And that’s when I saw it: a gigantic chandelier. It must have been three feet tall and it was hanging in this great big entryway and I had to have it. I knew Kathy would be screaming at me that I have to change my ways but that chandelier was throwing the most insane light reflections all over the walls and it was mesmerizing. I needed to have it, and I decided that if I couldn’t carry the whole thing out I could just take a piece. I could just unhook one strand of crystal and no one would even miss it. Maybe I could hide it, so Kathy wouldn’t know.
In hindsight, I know, it wasn’t worth dying over. I should be more penitent, I should, now that I’m gone, feel more tenderness toward Kathy, but…I’ m just not sorry. Maybe that’s how it works when you die—you’re just stuck with the thoughts and feelings you had in life, just before you crumpled into a heap and floated away from your corpse. At least that’s been the case for me. Because I keep turning the events over in my mind, telling myself I could have done things differently and my kids wouldn’t be crying, and Kathy wouldn’t be wondering what happened to me, and that the chandelier wasn’t worth it, but I can’t change my mind. I would have done it all over again.
I flew toward the chandelier as fast as I possibly could. I only realized my error an inch before I hit the glass, because I glimpsed my own reflection: head bowed, eyes fierce and determined. My beak struck the window first, and the force pushed my head down into my chest. The top of my head made contact with the pane, followed by my right wing, which snapped cleanly in half. I tumbled from the sky, breaking my left wing and my back upon impact with the ground.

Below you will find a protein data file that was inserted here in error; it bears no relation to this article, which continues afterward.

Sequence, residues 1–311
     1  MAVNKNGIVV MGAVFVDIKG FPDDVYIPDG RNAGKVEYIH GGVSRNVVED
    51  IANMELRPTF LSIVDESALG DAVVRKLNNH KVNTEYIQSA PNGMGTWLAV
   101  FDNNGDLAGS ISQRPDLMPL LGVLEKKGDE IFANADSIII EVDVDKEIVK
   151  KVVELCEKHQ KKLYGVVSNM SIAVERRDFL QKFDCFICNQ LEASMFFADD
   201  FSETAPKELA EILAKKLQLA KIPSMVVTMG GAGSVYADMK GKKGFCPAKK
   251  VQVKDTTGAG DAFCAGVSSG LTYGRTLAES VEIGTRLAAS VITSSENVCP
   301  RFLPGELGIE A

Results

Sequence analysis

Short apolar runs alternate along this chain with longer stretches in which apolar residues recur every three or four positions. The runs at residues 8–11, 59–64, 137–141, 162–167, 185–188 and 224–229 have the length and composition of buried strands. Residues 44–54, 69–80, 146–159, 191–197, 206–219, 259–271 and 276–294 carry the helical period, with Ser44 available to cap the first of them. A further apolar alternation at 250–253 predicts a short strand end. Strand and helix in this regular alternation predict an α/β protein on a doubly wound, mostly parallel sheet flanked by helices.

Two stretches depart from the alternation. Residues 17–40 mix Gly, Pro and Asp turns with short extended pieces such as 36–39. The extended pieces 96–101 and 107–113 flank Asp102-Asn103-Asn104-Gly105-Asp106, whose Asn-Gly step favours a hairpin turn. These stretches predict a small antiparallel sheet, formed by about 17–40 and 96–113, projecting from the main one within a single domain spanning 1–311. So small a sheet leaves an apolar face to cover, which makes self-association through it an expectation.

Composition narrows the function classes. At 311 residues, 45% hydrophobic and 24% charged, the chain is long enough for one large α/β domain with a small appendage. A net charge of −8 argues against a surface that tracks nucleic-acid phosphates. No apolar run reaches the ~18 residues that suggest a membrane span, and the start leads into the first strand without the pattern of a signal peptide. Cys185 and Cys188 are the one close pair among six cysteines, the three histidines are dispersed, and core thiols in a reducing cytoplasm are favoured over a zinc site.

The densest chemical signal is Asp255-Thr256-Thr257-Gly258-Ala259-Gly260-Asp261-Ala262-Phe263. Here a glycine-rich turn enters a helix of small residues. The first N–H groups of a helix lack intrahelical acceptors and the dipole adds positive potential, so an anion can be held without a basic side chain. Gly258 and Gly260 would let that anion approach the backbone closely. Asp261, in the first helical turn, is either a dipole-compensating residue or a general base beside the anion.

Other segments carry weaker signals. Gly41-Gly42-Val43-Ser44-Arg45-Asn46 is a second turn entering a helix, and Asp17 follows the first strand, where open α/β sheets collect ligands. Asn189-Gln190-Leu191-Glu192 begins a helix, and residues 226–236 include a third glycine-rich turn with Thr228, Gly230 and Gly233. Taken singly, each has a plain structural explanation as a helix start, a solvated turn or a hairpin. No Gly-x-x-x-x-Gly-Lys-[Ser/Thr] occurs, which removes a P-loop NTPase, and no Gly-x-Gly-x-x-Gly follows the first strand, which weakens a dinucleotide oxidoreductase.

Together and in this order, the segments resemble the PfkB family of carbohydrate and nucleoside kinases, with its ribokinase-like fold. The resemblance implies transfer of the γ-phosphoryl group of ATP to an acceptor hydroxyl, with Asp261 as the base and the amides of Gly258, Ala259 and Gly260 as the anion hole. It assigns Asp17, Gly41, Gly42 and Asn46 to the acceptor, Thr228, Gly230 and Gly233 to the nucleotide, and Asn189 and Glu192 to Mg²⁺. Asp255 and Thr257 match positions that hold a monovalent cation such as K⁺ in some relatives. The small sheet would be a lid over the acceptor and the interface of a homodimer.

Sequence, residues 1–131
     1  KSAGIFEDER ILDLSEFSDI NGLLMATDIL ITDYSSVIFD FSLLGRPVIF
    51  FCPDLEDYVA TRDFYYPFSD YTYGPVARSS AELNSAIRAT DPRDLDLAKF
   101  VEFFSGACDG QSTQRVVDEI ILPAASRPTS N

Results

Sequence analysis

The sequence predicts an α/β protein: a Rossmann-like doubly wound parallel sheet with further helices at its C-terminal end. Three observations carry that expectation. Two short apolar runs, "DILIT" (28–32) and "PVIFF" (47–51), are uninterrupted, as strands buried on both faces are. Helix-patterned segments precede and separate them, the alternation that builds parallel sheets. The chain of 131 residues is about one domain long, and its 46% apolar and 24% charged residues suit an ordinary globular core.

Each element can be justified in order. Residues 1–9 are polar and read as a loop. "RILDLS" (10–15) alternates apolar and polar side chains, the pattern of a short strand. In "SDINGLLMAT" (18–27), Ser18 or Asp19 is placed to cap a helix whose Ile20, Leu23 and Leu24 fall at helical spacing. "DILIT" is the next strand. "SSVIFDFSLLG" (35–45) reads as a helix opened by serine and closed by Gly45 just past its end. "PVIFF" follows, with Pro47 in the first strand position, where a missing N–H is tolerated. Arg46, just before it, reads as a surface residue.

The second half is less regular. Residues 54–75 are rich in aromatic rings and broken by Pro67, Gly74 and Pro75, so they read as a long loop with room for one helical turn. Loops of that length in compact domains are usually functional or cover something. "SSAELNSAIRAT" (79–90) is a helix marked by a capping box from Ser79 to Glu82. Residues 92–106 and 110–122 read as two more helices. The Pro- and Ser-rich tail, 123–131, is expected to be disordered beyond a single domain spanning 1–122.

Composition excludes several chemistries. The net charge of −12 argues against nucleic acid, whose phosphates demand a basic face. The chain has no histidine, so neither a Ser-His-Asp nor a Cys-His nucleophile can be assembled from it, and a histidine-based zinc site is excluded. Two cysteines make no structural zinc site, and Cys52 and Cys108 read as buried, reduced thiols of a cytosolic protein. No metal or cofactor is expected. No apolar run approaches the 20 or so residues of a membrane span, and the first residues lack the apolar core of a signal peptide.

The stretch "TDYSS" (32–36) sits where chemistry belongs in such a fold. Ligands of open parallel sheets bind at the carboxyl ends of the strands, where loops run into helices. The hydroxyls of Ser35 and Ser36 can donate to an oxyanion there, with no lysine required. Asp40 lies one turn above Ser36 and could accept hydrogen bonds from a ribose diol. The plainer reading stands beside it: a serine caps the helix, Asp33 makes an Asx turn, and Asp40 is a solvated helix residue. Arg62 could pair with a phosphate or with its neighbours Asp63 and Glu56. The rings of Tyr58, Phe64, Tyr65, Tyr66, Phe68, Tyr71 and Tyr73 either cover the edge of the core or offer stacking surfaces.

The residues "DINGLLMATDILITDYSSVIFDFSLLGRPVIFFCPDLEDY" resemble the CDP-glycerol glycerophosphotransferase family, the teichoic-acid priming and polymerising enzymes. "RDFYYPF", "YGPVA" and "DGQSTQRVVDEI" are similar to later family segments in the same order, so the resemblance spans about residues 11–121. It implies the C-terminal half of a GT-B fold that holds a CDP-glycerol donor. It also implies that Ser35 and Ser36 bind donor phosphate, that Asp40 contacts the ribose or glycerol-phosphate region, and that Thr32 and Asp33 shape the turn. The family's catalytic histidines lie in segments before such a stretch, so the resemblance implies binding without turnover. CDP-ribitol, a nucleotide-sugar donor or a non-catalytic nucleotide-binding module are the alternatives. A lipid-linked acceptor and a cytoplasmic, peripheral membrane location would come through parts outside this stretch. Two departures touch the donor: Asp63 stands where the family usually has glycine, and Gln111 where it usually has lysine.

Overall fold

Dying didn’t really hurt, I just felt an odd sensation as my soul peeled itself from the inside of my body, like a scab separating from a wound. As I floated up, I saw the owner of the chandelier lean out the window over my broken body and say, “Ah, poor little thing.”
And even now, even though I should know he’s right and I died for nothing, I feel righteous indignation. How dare that guy patronize me. If it weren’t for that half inch of glass, I’d have shown him. I would have taken his chandelier apart piece by piece and built my own personal mansion out of it. Then he’d be the sorry one.